Red Walls

by

 

 Red Walls

 Not much to see is there? But Red Walls was an iconic play ground for East Leeds lads and lasses. It was reached down the equally iconic Black Road. We would set off on our walking expeditions to Temple Newsam equipped with our liquorish water and perhaps jam sandwiches – we could always pinch some ‘tuskey’ on the way. We would be off down Black Road, perhaps a paddle in the beck at Red Walls and on via ‘The Basins’ to Temple Newsam. Special days on that route are so memorable they are with us for the rest of our lives.

Roy Marriot remembers an illicit day playing truant and going fishing ‘Tom Sawyer’ type to Red Walls; Eric Sanderson sets the scene for bike rides down Black Road; Muriel Parking (nee Bailey) fondly paddles in memories with her dog, Queenie; Janet Elliott (nee Lawler) gets butted by a nanny goat and Eric Allen dares to ride the ‘Wall of Death Basins.’ Plus a map of the location of Red Walls.

 (Next month more Audrey)

   GONE FISHING

  By Roy Marriott

I was in Mr, Holmes’ class (Chuck) atEllerbyLaneSchoolfrom Sept 1945 to Sept 1946. As many of the lads will remember, who were fortunate to be taught by him, he would often end the afternoon lesson by reading from a story, maybe just from 3-45 to 4-00 p.m. I certainly enjoyed it, I’m sure the rest of the class did too.

            I well remember him reading ‘Tom Sawyer’ the part about Tom and his friend Huckleberry Finn playing truant and going fishing was especially enjoyable. A very good friend of mine was Brian Helley, his father was a regular in the forces – I can’t remember which branch, though I remember Brian had to leave Leeds because his dad was posted somewhere near Driffield. I think he left in late ’46. Anyway Brian and I had been enthralled with the idea of playing truant and going fishing. That morning the weather was glorious and as Brian, Frank McGann – another good friend – and I walked home from school we were hatching out a plan. Brian lived quite near to Eddie Purdy’s shop onPontefract Lane in one of theClark streets – I cannot remember which one. Anyway after he’d had his dinner Brian came round to our house and said, ‘Come on then – let’s go fishing!’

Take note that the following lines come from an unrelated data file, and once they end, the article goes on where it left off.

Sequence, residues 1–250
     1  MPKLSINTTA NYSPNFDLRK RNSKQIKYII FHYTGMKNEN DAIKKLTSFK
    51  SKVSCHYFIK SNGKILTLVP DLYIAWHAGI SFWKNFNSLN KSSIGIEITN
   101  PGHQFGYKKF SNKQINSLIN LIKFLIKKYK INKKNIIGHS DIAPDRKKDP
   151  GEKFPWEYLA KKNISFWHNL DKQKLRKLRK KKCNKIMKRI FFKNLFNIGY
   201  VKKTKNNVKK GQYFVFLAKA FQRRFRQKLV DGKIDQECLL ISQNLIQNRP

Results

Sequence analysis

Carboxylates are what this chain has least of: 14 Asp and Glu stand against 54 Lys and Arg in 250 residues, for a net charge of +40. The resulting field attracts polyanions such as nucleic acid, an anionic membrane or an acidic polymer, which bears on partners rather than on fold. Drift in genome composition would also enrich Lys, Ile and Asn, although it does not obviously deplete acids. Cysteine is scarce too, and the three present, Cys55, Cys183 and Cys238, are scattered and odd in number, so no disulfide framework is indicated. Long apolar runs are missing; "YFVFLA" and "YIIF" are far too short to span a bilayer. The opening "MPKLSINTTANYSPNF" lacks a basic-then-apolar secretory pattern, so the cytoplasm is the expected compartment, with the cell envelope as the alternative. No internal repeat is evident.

I didn’t need asking twice. I got an empty dried milk tin from the kitchen, punched a couple of holes in the rim, added string and managed to secrete my fishing net. I don’t think my mother even realised what was going on. Off we went, just as we got to the top ofClark Lanewe met Frank coming along Pontefract lane. He was not interested in joining us but he did agree to tell Mr. Holmes we had been sick on the way home and that was the reason for our absence. Our destination – where else of course but down Black road to Red Walls. 

            We had no way of telling what time it was – but we just about filled the tin with tiddlers, sticklebacks and bomb-bellies when our tummy clocks told us it must be just about tea time. So off we set for home. Brian managed to get hold of a jam jar and we transferred a few fish into it.

            When I got home I smuggled my tin upstairs into my bedroom (which was in the attic) fortunately my mother did not come into my bedroom that night. The evening was very warm, the poor fish didn’t stand a chance; there were far too many for the size of the tin. The result being that the next morning there was this awful smell. My Mam thought it was coming from the quarry. The first chance I got I took the can outside and emptied it down the drain. I felt really upset for ages afterwards because I had caused the death of so many fishes.  While you are catching fish it’s great – but you do really have to know how to take care of them. Playing truant – Never again!

            One thing that was amazing, we got back home, around the time we would have if we had been at school. The next morning Mr Holmes asked how we were, I wonder if he knew what we had been up to – he really was a great teacher.    

                                  Eric Sanderson Remembers  Red Walls.

I spent many happy hours down there at the Red Walls. Isn’t the stream in fact nearly the end of Wyke Beck before it finally tumbles into the river? During the long summer days and before we had bikes, we’d often meander down towards there, sometimes down Red Road, past the Basins and cut across Halton Moor but more often than not, down Black Rd with a few distractions like Oxley’s field or even Knostrop Army camp with it’s water filled tank obstacles, brim full of wildlife ready to be caught with a few basic implements.